Monday, July 30, 2012

What is beer?

Since the topic of this blog is beer, it might behoove us to discuss what, exactly, beer is.

Pretty much all alcoholic beverages begin as yeast consuming sugar (called "fermentation"), and creating, primarily, ethanol (CH3CH2OH) and carbon dioxide (CO2) as biproducts.

Saccharomyces cerevisiae, AKA ale yeast
The CO2 escapes, although in the case of beer and wines like champagne, some of the fermentation occurs in the bottle and some of the gas dissolves into the beverage, making it carbonated. Yeast metabolism also creates other biproducts, such as esters, phenols, methanol, and higher-order alcohols, which contribute flavor and other characteristics to the finished beverage.

An alcoholic beverage that's distilled undergoes a process, usually evaporation and condensation, that separates the ethanol from the water and other chemicals that the yeast produce through fermentation. Depending on the process, the goal can be to create as pure (and consequently flavorless) ethanol as possible (like vodka), or retain some of the other chemicals that add flavor (as in whiskey or brandy). Some amount of water (usually 60-80%) and other flavorings (including those that come from barrel aging) can be added to the distillate.

Working backwards from fermentation, the next thing that distinguishes alcoholic beverages is the source of the sugar, whether from sugar cane (rum), honey (mead), or fruit (wine and fruit brandies). Sugar can also come from breaking down starches, which are long chains of sugars. Plants store sugars as starches in order to prevent other organisms like bacteria, mold, and yeast, from eating them; and then use enzymes to break the chains back apart into sugars when they need to consume them for energy. (Some plants keep sugars available for other organisms to consume, such as in their flowers or fruit, to lure/reward them for pollinating the plant or spreading its seeds.) Starches are broken down into sugars to make vodka (potatoes and other things), sake (rice), and, of course, beer.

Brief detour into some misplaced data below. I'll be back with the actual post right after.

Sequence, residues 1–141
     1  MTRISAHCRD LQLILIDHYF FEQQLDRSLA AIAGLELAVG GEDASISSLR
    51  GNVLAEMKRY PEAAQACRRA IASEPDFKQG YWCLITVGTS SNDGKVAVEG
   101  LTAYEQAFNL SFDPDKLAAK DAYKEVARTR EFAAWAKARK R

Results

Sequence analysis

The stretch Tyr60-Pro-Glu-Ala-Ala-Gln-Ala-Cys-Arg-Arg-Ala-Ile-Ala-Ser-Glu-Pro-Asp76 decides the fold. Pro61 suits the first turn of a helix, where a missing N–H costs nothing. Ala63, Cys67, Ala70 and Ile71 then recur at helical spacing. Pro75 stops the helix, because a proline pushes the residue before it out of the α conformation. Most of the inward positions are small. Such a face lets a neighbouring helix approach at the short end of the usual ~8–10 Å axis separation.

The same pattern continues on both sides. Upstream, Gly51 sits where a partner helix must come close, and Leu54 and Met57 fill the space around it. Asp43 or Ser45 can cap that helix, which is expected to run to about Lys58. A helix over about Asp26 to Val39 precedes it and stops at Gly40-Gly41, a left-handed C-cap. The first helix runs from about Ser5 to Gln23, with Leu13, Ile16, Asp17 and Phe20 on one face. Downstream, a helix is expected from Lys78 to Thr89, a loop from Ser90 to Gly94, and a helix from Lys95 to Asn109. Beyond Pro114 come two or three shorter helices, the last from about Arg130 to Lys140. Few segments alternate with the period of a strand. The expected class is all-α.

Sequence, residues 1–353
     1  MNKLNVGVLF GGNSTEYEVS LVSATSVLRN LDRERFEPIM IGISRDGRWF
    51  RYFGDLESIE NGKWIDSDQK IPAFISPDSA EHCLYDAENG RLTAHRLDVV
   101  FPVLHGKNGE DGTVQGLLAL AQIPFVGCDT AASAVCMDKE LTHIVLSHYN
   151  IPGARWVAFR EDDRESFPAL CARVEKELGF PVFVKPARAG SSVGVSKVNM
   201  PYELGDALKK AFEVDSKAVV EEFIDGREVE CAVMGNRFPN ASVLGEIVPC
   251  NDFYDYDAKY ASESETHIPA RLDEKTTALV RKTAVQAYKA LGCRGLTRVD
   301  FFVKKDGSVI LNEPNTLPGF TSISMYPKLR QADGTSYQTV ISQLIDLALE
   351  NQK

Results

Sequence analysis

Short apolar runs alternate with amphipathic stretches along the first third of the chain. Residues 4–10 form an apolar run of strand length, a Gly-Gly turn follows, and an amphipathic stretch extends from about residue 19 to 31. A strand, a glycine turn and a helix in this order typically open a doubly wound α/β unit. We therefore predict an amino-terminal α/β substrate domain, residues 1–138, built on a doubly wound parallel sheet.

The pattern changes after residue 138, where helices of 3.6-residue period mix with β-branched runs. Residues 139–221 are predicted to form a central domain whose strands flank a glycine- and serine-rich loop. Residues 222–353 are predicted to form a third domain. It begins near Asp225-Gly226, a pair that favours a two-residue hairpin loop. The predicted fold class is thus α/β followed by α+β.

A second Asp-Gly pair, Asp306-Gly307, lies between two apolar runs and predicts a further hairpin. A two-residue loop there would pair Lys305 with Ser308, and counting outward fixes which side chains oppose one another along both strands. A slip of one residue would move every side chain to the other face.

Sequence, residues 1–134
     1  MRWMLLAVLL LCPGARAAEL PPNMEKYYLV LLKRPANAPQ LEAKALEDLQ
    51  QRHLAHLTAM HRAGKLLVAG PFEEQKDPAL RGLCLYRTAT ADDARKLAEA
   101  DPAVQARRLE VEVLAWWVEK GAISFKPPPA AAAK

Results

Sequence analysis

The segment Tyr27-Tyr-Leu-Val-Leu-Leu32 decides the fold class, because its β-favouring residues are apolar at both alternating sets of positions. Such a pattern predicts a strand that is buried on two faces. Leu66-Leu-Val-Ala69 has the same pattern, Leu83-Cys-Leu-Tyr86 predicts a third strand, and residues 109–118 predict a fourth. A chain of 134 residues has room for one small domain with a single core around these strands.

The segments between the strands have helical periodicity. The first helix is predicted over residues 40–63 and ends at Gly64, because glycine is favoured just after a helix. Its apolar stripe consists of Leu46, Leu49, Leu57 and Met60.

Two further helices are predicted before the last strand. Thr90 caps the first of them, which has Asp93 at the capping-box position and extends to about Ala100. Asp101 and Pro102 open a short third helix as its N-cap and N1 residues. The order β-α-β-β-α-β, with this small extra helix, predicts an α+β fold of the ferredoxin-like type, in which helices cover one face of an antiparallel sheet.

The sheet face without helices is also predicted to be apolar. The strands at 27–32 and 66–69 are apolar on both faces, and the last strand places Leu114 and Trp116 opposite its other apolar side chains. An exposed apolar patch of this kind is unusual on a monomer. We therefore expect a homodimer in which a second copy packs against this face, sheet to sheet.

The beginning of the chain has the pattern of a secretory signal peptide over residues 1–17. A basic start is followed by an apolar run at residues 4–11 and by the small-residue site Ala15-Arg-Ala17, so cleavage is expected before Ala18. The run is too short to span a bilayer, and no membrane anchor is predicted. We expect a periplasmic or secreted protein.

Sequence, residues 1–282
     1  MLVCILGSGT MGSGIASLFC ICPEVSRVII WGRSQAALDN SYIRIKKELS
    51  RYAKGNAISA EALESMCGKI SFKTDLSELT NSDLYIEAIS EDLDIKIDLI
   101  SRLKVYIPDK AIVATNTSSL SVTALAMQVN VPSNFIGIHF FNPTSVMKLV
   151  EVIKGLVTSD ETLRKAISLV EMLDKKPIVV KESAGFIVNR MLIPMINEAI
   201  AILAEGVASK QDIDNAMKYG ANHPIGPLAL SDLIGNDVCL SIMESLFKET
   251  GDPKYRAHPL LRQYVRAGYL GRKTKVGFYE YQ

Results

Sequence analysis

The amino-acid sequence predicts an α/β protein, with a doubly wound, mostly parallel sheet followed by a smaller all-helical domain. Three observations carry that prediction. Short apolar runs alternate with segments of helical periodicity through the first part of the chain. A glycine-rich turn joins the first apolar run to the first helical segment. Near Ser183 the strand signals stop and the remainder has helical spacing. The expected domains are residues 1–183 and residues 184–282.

Traditionally, barley has been used for making beer, because of its high protein content, and because its kernels contain a large amount of the enzymes necessary to convert its starch back into sugar.

2-row and 6-row barley
To do this, the barley is first warmed and wet make it germinate, which activates the enzymes to feed the new plant. This process is called malting. The malt is then kilned to stop the plant from growing, dry it for storage, and possibly to carmelize some of its sugar to add flavor to the beer. Beers can use other grains - wheat (as in hefeweizen), rye, oats, corn, rice, sorghum - or other forms of sugar like honey or molasses; but barley typically predominates. Each type of grain, and how it's treated (for example, the roasted barley used to add dark color to stouts), contributes to the flavor of the beer.

To begin the brewing process, the brewer soaks barley in hot water to reactivate the enzymes and release its sugar. This process is called mashing. The brewer then runs water through the mash and collects the run-off sugar water (called wort). The mineral content of the brewery's water affects the mash process and the flavor of the beer.

Next, the wort is then boiled, and during the boil the last major component of beer, hops, are added.

Hops are a small flower that contain a resin that breaks down into a bitter acid when boiled, which counters the sweetness of the sugar, and helps prevent spoilage from bacteria. The resin itself can add various aromas - citrusy, piney, grassy, etc - depending on hop variety. The amount, variety, and boiling time of the hops contribute flavor characteristics to the finished beer. (Historically, other plants have been used to bitter beer, but hops have been used since at least the 11th century, and became a standard ingredient in beer around the 16th century.) The brewer can add other things, such as spices, to the boil.

The boiled wort is then cooled down to a suitable temperature, the yeast is added, and fermentation begins. The strain of yeast used will add certain flavor characteristics (such as the esters and phenols previously mentioned). The brewer can add other things at this point - fermentables like fruit, or spices.

After a few days, the yeast will have consumed most of the sugar in the wort and turned it into alcohol, completing the primary fermentation. The brewer then moves the beer off the remnants of the yeast, and may let it age for a while, to let the remaining yeast finish fermenting any remaining sugar and metabolize other byproducts of the fermentation to improve the flavor of the beer, in a secondary fermentation. The brewer can also add hops (called dry hopping) to add more aromatic hop character to the beer. The beer can be aged to allow even more chemical changes to take place, or to gain additional flavor, for example by barrel-aging.

Finally, the beer is bottled or kegged. Most breweries pasteurize their beer to kill any remaining yeast, or bacteria that have snuck in, to prevent spoilage. In this case, the brewery will pump CO2 into the bottle to carbonate the beer. Some breweries allow yeast to live and continue to make changes to the flavor of the beer over time, called bottle conditioning. In this case, as the yeast consumes residual sugar in the beer, it will produce the CO2 that carbonates the beer,

So, that's what beer is. Talking about how different combinations of water, grains, hops, yeast, and other things create porters, stouts, pale ales, IPAs, hefeweizens, pilsners, marzens, lambics, and all the other myriad styles of beer - will have to wait for another day!

No comments:

Post a Comment